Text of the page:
By this point we’ve all heard the many complaints from authors that the query letter system needs to be changed because, basically, it’s too hard. The reasoning authors use are that agents are too stupid to recognize a good book based on a query and because of that many great pieces of literary fiction are being lost to the times.
Do you really believe that drivel? Come on! That’s like telling the corporate world to do away with resumes and instead personally interview every candidate who might be interested in the job. That’s like saying that corporate leaders are not resume writers and expecting applicants to be judged on a resume is demeaning.
Do you believe that if a book is really that great, if you really think you’re the next Dan Brown, or Philip Roth, or Tolkien, or Nora Roberts or Stephen King, or whoever it is you aspire to be, that no one in the entire publishing community will ever see that? That you’ll never bother to meet another writer who might refer you to her agent or that, shocking idea here, you’ll never learn to write a good query?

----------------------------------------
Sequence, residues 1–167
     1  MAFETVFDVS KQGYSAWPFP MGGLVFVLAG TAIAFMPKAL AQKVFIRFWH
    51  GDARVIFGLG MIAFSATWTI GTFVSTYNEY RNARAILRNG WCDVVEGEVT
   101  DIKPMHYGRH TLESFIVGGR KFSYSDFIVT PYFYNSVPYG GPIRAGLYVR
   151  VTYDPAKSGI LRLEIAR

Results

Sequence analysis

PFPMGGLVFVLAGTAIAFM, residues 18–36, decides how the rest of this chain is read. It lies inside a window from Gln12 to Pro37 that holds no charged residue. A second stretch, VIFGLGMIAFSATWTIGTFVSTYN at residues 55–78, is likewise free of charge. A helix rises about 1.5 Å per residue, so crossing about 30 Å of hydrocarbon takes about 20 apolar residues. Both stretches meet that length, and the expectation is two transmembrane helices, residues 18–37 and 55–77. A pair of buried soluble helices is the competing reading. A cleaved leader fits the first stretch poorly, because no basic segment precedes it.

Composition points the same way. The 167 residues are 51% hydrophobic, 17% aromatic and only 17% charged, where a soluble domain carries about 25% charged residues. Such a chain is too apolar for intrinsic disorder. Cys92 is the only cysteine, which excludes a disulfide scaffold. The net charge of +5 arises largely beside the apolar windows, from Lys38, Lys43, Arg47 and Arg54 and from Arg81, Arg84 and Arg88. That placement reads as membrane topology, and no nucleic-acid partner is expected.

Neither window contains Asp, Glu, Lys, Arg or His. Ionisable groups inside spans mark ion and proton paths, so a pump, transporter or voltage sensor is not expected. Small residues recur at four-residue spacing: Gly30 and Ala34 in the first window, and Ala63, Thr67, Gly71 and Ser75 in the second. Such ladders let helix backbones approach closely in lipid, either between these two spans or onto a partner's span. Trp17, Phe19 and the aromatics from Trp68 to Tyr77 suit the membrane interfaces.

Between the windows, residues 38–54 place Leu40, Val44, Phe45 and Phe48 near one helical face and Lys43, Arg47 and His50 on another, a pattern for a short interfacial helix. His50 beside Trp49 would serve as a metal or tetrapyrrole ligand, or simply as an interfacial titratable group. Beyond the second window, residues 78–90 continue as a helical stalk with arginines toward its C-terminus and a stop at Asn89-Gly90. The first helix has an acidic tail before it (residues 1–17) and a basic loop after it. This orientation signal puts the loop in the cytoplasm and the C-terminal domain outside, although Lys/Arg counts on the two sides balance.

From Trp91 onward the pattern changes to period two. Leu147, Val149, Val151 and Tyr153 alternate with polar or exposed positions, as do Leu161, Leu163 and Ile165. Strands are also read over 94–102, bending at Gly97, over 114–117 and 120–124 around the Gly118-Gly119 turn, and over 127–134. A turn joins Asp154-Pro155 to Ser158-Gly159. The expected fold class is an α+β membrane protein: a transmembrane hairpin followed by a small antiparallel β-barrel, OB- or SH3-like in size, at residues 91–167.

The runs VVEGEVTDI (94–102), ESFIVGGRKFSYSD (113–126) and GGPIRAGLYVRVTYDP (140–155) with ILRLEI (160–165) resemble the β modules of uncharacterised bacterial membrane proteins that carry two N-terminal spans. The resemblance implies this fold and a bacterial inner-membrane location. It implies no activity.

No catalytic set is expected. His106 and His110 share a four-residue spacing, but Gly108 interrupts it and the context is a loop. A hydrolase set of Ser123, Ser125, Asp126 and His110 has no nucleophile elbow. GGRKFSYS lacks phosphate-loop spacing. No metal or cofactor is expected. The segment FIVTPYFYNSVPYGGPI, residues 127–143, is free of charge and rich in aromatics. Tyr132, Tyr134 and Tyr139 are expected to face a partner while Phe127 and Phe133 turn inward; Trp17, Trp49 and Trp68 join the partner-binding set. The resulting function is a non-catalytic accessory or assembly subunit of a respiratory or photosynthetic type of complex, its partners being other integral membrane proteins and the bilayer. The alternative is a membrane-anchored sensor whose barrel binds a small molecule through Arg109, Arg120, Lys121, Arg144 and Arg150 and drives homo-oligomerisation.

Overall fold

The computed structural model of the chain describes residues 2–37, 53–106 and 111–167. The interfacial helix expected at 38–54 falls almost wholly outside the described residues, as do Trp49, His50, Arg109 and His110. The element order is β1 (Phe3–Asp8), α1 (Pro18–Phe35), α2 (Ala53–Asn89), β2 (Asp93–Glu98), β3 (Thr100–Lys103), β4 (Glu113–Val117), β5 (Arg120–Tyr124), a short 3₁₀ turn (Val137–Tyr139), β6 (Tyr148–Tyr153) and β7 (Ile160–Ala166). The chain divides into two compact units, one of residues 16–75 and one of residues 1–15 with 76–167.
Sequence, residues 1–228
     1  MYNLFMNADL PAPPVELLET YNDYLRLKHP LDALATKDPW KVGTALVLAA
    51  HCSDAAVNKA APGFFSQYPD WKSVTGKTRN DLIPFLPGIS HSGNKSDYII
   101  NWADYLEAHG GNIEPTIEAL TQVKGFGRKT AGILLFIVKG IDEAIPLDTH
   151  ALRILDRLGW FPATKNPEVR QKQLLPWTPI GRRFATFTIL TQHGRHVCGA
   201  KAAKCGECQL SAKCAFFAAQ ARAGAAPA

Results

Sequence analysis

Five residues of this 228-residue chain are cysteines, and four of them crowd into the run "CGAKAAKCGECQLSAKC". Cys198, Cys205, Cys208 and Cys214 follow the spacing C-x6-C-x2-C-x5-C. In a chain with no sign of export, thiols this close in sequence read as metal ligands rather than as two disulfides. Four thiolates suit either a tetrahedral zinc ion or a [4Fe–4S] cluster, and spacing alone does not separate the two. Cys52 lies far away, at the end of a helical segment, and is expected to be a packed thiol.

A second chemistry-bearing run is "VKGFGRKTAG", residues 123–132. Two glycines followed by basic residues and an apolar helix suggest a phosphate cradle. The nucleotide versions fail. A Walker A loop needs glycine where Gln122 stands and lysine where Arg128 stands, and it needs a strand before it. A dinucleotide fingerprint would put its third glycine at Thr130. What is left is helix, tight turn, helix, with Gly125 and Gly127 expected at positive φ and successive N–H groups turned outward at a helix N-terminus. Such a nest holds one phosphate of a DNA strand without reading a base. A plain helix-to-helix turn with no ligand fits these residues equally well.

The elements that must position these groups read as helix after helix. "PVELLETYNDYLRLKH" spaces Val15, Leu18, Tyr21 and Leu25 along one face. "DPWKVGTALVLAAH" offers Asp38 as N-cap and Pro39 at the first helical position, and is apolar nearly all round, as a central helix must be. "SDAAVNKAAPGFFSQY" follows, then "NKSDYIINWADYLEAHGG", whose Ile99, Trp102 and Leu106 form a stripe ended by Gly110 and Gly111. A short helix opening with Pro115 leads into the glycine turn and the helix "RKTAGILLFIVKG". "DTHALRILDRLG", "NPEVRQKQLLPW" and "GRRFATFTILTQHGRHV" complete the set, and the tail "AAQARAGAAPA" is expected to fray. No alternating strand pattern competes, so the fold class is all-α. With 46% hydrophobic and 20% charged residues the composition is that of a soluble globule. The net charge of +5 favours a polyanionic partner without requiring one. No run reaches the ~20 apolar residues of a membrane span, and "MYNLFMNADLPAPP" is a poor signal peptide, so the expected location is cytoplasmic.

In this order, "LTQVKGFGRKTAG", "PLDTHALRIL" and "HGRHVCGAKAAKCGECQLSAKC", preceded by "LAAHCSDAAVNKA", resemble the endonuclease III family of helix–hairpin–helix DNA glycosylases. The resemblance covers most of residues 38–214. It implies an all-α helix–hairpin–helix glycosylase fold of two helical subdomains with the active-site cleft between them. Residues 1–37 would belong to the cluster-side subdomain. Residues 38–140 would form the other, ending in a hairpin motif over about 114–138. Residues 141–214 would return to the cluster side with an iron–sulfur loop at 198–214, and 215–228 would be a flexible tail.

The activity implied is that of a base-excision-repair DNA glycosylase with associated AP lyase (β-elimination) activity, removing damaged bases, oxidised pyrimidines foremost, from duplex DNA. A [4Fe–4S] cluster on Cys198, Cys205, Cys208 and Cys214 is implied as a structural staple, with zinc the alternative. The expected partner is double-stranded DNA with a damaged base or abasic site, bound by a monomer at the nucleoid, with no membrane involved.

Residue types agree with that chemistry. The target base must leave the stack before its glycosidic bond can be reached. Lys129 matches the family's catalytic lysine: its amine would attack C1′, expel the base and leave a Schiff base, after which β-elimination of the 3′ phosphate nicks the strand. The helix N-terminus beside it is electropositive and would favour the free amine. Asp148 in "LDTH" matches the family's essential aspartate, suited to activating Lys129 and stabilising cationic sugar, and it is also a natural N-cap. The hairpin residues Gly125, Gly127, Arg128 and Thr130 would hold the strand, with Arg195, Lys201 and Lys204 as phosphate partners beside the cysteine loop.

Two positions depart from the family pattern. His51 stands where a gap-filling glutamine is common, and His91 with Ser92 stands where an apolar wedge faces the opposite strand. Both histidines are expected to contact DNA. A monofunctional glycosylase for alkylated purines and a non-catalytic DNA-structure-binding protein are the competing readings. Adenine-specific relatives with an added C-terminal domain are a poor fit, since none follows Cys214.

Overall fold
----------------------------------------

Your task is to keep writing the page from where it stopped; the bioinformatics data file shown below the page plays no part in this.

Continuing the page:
I don’t think the query system is perfect, but I don’t think there’s ever going to be a perfect way to try to introduce a creative form into a business world. Mostly though, I don’t believe that the readers of the world are missing out on great literary fiction because of query letters. There are hundreds of agents out there, there are only a few publishers, and sometimes I feel that there are even fewer readers. More books, more manuscripts, get read than you might imagine. Fewer are published. Self-publishing and POD publishing is becoming a bigger option for many. What’s interesting however is that, while there are always a few exceptions, for the most part readers are agreeing with agents and editors. We all want good books and I strongly believe that good books will be found and published.